Samuel Taylor Coleridge

Samuel Taylor
Coleridge
1772
1834

English Poet, Romantic, Literary Critic and Philosopher, a Founder of the Romantic Movement in England

Author Quotes

The form of truth will bear exposure, as well as that of beauty herself.

So lonely 'twas that God himself Scarce seemed there to be

Taste is the intermediate faculty which connects the active with the passive powers of our nature, the intellect with the senses; and its appointed function is to elevate the images of the latter, while it realizes the ideas of the former.

The book of Job is pure Arab poetry of the highest and most antique cast.

The frost performs its secret ministry, unhelped by any wind.

So twice five miles of fertile ground with walls and towers were girdled round: and there were gardens bright with sinuous rills, where blossomed many an incense-bearing tree; and here were forests ancient as the hills, enfolding sunny spots of greenery.

That dances as often as dance it can.

The bride hath paced into the hall, Red as a rose is she.

The game is done! I've won, I've won! Quoth she, and whistles thrice.

So will I build my altar in the fields, And the blue sky my fretted dome shall be, And the sweet fragrance that the wild flower yields Shall be the incense I will yield to thee.

That he, who many a year, with toil of breath.

The constituent forces of life in the human living body are?first, the power of length, or REPRODUCTION; second, the power of surface (that is, length and breadth), or IRRITABILITY; third, the power of depth, or SENSIBILITY.

The genius of the Spanish people is exquisitely subtle, without being at all acute; hence there is so much humor and so little wit in their literature.

Solemnly seemest like a vapory cloud to rise before me ? Rise, oh, ever rise;

That only can with propriety be styled refinement which, by strengthening the intellect, purifies the manners.

The curiosity of an honorable mind willingly rests there, where the love of truth does not urge it farther onward, and the love of its neighbor bids it stop; in other words, it willingly stops at the point where the interests of truth do not beckon it onward, and charity cries, Halt!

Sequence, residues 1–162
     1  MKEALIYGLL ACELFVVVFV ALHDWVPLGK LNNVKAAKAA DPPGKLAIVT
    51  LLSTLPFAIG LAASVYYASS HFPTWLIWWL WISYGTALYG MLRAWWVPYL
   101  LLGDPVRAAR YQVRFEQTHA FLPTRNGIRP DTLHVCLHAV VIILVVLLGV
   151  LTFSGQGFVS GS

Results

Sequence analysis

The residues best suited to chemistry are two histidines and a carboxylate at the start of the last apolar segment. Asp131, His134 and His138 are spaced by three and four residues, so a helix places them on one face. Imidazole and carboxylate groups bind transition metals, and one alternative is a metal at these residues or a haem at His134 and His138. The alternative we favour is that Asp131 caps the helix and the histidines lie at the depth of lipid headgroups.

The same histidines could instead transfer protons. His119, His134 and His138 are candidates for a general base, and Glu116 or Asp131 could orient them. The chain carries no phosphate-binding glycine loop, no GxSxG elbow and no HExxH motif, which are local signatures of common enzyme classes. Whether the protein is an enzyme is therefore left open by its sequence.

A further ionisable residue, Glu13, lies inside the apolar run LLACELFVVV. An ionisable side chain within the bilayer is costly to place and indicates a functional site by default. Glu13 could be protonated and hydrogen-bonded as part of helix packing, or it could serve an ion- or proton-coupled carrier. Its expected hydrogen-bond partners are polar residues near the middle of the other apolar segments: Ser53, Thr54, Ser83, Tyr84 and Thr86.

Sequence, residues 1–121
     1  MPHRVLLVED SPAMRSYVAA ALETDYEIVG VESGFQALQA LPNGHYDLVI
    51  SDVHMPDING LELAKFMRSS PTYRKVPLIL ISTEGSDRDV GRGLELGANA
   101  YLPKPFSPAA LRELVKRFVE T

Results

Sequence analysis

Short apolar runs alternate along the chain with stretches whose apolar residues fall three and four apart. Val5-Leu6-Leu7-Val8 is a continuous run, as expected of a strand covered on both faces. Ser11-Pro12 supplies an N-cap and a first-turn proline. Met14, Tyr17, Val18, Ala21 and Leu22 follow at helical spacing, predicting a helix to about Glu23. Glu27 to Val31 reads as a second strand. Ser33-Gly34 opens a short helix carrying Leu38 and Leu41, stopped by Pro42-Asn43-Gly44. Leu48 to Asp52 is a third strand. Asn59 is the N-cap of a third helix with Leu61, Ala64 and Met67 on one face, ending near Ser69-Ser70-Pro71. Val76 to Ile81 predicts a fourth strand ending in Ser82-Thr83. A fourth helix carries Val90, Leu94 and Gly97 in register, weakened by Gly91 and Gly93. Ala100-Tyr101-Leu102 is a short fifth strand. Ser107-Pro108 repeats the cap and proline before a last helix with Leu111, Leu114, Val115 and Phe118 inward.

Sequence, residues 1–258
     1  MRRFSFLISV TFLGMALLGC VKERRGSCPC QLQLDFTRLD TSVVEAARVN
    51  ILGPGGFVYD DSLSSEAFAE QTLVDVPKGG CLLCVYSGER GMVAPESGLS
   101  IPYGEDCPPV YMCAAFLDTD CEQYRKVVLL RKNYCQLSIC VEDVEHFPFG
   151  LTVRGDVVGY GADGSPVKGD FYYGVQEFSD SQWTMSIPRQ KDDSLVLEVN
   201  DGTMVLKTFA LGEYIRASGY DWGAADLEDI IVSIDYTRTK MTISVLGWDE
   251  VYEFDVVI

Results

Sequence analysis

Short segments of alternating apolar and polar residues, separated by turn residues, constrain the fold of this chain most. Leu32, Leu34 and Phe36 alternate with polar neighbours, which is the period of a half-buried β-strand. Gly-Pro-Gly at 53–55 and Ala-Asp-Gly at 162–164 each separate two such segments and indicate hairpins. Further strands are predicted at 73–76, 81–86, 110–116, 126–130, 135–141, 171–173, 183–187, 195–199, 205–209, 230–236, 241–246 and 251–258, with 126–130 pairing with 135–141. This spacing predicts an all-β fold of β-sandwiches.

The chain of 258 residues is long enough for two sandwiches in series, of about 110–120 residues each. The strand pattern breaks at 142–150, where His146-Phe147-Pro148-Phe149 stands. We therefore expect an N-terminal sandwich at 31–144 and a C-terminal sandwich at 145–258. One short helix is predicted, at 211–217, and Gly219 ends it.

The Good consists in the congruity of a thing with the laws of the reason and the nature of the will, and in its fitness to determine the latter to actualize the former: and it is always discursive. The Beautiful arises from the perceived harmony of an object, whether sight or sound, with the inborn and constitutive rules of the judgment and imagination: and it is always intuitive.

Some men are like musical glasses; to produce their finest tones you must keep them wet.

That passage is what I call the sublime dashed to pieces by cutting too close with the fiery four-in-hand round the corner of nonsense.

The devil is not, indeed, perfectly humorous, but that is only because he is the extreme of all humor.

The guests are met, the feast is set. May'st hear the merry din.

Some persons have contended that mathematics ought to be taught by making the illustrations obvious to the senses. Nothing can be more absurd or injurious: it ought to be our never-ceasing effort to make people think, not feel.

That saints will aid if men will call; For the blue sky bends over all!

The doing an evil to avoid an evil cannot be good.

The happiness of life is made ??of infinitesimal fractions: small alms, soon forgotten, a kiss, a smile, a kind look, a compliment done with the heart.

Author Picture
First Name
Samuel Taylor
Last Name
Coleridge
Birth Date
1772
Death Date
1834
Bio

English Poet, Romantic, Literary Critic and Philosopher, a Founder of the Romantic Movement in England